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The advice I gave was from someone that has dealt with saddles and leather. He also said that the worse thing you can do is wash with soap and water. You want to remove the water from the leather. Washing it puts more into it and is harder to get it all out. He said to keep wiping oil onto it until it stops absorbing it. Then wipe any excess off. When it soaks the oil in, the oil is pushing any moisture out.
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post #7 of 12 Old 08-13-2013, 11:26 AM
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Put a dehumidifier in the room.
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post #8 of 12 Old 08-13-2013, 10:47 PM
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I've had good luck with about a quart of water and 1/2 cup of white vinegar. If there is a working socket in the tack room, plug in a fan and leave a door or window open a little. The fan will keep the air moving and mould likes stagnant air.
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post #9 of 12 Old 08-14-2013, 03:57 AM
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If it were a one off, washing then oiling would be my course of action.

However, this seems like a long term problem. Oiling more will probably help, but if it were my saddle I'd stop storing it in there during the hotter months. Even protected, prolonged exposure to a hot, wet environment isn't going to be good long-term for any leather product. As your mother only uses it weekly, it wouldn't be much hassle to bring it in with her.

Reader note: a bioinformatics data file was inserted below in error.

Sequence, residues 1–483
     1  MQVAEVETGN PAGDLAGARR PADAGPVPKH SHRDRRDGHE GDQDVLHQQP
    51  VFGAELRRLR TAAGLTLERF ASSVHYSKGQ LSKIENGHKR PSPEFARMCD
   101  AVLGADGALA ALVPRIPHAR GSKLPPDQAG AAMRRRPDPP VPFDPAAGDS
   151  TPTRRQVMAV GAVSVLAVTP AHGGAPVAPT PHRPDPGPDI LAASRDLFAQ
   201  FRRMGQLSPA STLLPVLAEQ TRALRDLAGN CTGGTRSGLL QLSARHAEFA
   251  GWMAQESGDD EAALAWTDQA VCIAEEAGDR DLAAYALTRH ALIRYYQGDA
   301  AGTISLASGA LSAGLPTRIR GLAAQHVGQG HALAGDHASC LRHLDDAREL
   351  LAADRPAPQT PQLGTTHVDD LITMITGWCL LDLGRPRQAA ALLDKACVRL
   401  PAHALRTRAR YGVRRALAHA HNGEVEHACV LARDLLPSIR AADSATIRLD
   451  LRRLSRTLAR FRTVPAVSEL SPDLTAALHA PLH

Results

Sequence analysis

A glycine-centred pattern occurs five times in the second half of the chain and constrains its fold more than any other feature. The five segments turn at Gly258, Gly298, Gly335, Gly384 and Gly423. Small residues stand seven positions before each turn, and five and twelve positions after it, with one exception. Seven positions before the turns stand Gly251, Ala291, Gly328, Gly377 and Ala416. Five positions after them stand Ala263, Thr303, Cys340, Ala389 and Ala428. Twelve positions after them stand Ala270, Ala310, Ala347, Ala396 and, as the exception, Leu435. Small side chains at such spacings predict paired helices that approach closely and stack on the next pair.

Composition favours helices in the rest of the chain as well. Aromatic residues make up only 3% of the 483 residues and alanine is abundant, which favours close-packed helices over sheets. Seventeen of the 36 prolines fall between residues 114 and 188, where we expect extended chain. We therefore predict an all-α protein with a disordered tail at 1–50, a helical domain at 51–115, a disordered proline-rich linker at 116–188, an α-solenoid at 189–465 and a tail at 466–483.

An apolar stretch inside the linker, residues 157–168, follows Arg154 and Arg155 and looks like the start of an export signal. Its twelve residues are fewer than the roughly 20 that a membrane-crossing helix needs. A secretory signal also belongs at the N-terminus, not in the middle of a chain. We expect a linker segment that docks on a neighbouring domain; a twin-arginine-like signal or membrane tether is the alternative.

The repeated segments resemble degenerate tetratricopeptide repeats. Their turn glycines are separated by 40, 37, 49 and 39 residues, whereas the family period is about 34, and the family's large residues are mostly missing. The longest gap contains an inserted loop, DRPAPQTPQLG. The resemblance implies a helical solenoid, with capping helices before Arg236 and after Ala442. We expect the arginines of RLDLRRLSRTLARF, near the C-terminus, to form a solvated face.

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post #10 of 12 Old 08-14-2013, 04:11 AM
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This is one of the many reasons why I collect those little packets with silicon balls in them. I put them in my clothes drawers, in my cupboard and among my tack. I also leave my saddle pad to dry out before putting it back in the tack room. Easiest way is to tie a short line from two hooks on a wall and hang the pad over the string (with the inner side out), preferably in a nice breezy spot. I had some issues with mould on my lovely old leather saddle (in autumn here when it's warm and wet) til I did this.

Also OP, once I moved my horse and lost the tackroom I had to have my saddle in my tiny single-room flat. It sat in the corner on a saddle stand and really didn't take up much space but if you own the flat you might be able to get a saddle rack and bolt it into the wall somewhere up high where it'll be out of the way.